Indeed it is because they are powerful and dangerous that they are the nexus of an important political right. But guns are not agents of history. They are not, per se, going to free a polity from oppression or generate unrestrained social violence. Within an insurgent political movement, they can at certain moments be useful, even crucial, for the former outcome; and, within a context of social decay brought on by other factors, they can seriously exacerbate the latter.
Their overall positive or negative effect is only determined by the political and social context in which they are used, and the character of the agents who use them. American liberals can all too easily recognize and disparage the positive fetishism regarding guns, but can be blind to their own negative fetishism.
Such a consistent, rigorous, pacifism is an honorable position, and those who hold and live it deserve respect. They are, however, few and far between, and most American liberals are not among them. The vast majority of American liberals — like persons of all other groups — while they want to live peaceful lives, free of violence, for themselves and everyone else in the world, support the use of armed force in defense of themselves, their loved ones, and some political agenda or another.
While they actually hold a position that accepts legitimate uses of armed force, a lot of American liberals like to imagine that they are living in some kind of sympathetic identity with their edited, angelic versions of King and Gandhi, and they are shocked, shocked, and react with utter revulsion, at the discourse of people who proclaim upfront that they are not.
The principle of self-defense, even involving weapons and bloodshed, has never been condemned, even by Gandhi. But this kind of presumption is annoying wherever it saturates liberal discourse — which is kind of everywhere.
Take, for example, this gem:: Zero Dark Thirty, you see, is a pacifist document. Or at least the document of a pacifist. Katherine Bigelow speaks for many, who actually think there is some kind of extra moral virtue in this way of living in the world.BibMe Free Bibliography & Citation Maker - MLA, APA, Chicago, Harvard.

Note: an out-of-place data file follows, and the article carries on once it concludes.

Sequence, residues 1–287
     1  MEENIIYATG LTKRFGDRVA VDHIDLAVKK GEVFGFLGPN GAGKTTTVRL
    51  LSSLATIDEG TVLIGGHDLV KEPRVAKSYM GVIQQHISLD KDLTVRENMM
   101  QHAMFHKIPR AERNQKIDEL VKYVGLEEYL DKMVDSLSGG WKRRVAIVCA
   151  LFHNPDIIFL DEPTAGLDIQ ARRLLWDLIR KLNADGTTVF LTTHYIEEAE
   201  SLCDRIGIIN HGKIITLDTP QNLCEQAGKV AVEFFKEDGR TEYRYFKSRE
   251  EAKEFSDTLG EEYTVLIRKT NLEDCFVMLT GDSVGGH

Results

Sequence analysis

This page contains the Argument topics for the Analytical Writing section of the GRE® General ph-vs.com you take the test, you will be .
The question of gun rights is a political question, in the broad sense that it touches on the distribution of power in a polity. Thus, although it incorporates all these perfectly legitimate “sub-political” activities, it is not fundamentally about hunting, or collecting, or target practice; it is about empowering the citizen relative to the state.
Mi said: “It is the SAME couple of people who reply to all of the NEW comments.” One of them is Lazy Man – the operator of the blog. It’s hard to imagine why you would find it surprising that he responds to posts on his blog.
Fundamental issues in the ethics of marketing Frameworks of analysis for marketing Possible frameworks. Value-oriented framework, analyzing ethical problems on the basis of the values which they infringe (e.g. honesty, autonomy, privacy, transparency).An example of such an approach is the AMA Statement of Ethics.; Stakeholder-oriented framework, analyzing ethical problems on the basis of .
There are also children in Eritrean prisons some of them arrested as recently as December and others who were arrested in March after attending the funeral procession of the late Haji Musa, who suffered in jail for four months before dying in the hands of the PFDJ.